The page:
The Neighborhood Advocate

Community-Based Incarceration Alternative Helped Abdul Put His Life on a Positive Path

YAP Advocate Vernon Rawls Interviews Program Participant Abdul. YAP is a community-based alternative to youth incarceration/out-of-home placement.

Vernon and Abdul YAPInc org participant

Abdul just turned 18 and for the first time in a long time sees his life moving in a positive direction. He describes the past few years as ones consumed with arrests, school absences, court appearances, detention, and probation – consequences, he said, of his own bad choices.

Abdul said it wasn’t until 2020 that he realized why he’d let things get so out of control and that he holds the power to change his life. That’s when he met Veron Rawls from Youth Advocate Programs (YAP), Inc., whom he credits for believing in him and helping him see his strengths. YAP is a national nonprofit in 31 states and the District of Columbia that provides community-based alternatives to youth incarceration, out-of-home placement, and neighborhood violence.

Hamilton County (Ohio) Juvenile Court is one of six U.S. youth justice systems that received Safely Home program startup grants in late 2019 through YAP’s partnership with Georgetown University’s Center for Juvenile Justice Reform (CJJR). YAP and CJJR collaborated to create the unique grant to provide a year of funding to seed innovative community-based rehabilitative services for the highest-risk youth, many whose histories include serious offenses, multiple arrests, and lengthy out-of-home placements.

YAP Advocate Vernon Rawls with 18-year-old Abdul, who is in a peaceful space since receiving services from the community-based alternative to youth incarceration program

“Working with Mr. Vernon has lifted a weight off my shoulders,” Abdul said. “When I was a little kid, I loved school; whenever I picked up a book, I enjoyed it. My father was locked up when I was two or three and as I got older, I was having problems with my stepfather. I started smoking, becoming a follower — robbing people, and getting locked up,” he said. “When I got into YAP and met Mr. V., I felt blessed. Until him, I never had that consistent male figure to tell me how to be a man.”

The YAP service model is based on hiring and training community-based Advocates to guide program participants in creating individualized service plans while connecting them with tools to achieve their goals. Meantime, the Advocates build rapport with the young people’s parents and guardians and do everything they can to assist in firming the family’s foundation.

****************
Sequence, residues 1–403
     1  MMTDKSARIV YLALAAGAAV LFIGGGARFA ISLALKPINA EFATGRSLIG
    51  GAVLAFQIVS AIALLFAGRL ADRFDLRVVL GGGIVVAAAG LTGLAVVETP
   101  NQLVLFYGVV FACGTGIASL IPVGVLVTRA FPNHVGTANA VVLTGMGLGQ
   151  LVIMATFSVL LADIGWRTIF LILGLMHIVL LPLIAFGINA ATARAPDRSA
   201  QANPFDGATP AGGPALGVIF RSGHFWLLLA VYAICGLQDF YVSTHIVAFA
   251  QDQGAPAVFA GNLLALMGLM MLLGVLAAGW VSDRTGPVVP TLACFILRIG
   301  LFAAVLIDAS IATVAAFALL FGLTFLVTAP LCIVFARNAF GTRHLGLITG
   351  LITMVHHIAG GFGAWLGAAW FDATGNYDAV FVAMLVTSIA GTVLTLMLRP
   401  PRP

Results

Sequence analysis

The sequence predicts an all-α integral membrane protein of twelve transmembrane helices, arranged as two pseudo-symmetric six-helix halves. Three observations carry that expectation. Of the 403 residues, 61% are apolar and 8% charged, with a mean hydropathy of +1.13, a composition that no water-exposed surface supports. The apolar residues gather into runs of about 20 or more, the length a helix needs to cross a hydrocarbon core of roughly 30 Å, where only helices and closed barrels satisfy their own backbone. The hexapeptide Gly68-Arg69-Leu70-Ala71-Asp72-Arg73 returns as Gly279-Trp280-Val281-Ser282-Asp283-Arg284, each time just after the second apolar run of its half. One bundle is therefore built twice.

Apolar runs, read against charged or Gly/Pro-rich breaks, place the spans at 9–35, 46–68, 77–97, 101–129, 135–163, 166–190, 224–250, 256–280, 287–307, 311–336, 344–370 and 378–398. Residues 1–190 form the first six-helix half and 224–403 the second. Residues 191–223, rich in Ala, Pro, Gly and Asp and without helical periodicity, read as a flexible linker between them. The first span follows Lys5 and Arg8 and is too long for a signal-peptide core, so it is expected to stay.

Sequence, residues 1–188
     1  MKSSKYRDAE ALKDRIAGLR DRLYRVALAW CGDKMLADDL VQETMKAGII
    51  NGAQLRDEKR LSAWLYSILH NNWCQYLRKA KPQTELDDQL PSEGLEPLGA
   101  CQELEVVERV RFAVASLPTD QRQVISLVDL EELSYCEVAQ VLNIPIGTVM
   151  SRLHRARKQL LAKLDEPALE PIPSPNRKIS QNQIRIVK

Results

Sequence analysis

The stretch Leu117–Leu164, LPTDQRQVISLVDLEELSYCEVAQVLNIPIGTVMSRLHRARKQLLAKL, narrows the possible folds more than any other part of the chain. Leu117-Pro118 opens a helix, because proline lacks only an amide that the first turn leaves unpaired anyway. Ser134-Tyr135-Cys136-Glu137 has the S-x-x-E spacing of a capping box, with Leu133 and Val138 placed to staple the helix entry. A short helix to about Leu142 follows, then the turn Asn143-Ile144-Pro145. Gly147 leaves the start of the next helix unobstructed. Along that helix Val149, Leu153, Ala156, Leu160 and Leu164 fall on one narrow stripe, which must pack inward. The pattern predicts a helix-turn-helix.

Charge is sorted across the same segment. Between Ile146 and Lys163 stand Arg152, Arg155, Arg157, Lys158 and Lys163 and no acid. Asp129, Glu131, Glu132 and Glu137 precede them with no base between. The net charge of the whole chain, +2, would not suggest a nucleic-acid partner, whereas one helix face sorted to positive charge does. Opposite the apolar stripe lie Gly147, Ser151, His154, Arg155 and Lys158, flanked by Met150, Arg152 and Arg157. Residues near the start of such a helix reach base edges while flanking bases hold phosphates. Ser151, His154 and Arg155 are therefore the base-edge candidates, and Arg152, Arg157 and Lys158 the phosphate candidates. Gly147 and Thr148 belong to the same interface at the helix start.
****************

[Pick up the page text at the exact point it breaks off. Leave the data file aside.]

“I didn’t want to finish school because I’d missed so much that I was behind,” Abdul said, adding that his personal YAP service plan includes working through the summer and completing his senior year in the fall. “He [Rawls] helped me get my license; helped me look for a job, and always encourages me to stay focused on finishing school.”

Among the tools available to the Advocates is YAP Supported Work, which enables YAP to provide income for young people in exchange for businesses providing youth with on-the-job work experience. While Rawls was able to help Abdul find a job at a factory, he also connected him to a YAP Supported Work partner who has provided mentorship and volunteer opportunities to support Abdul’s ultimate goals of becoming a business owner.

“The owner of Roots, Seeds and Oils, has spent time with him, educating him about how she purchases and sells natural healing products, gemstones, herbs, ginger juice, things like that,” Rawls said. “Abdul volunteered with her and other businesses in the community center marketplace where the store is located and even purchased a handmade necklace from the market for himself.”

Through another Rawls contact, Abdul has also become a youth leader in a Cincinnati effort to improve opportunities for youth of color in the city.  In addition to building contacts with business owners and leaders, Abdul has also improved his relationships with his mother and younger siblings and has grown closer to his incarcerated father as well.

“Now I know more about his situation,” Abdul said. “He made mistakes and didn’t want me to end up in the same position. I know he loves me. I love my dad.”

Abdul said that like Rawls, his father is also encouraging him to stick to his plan to finish school and that he’s not only committed to getting his high school diploma but looking seriously at going to college.

“I realized in this program what I knew deep down inside – that I can be so much more than I once thought,” he said. “I want to be a leader.”

Learn more about YAP at


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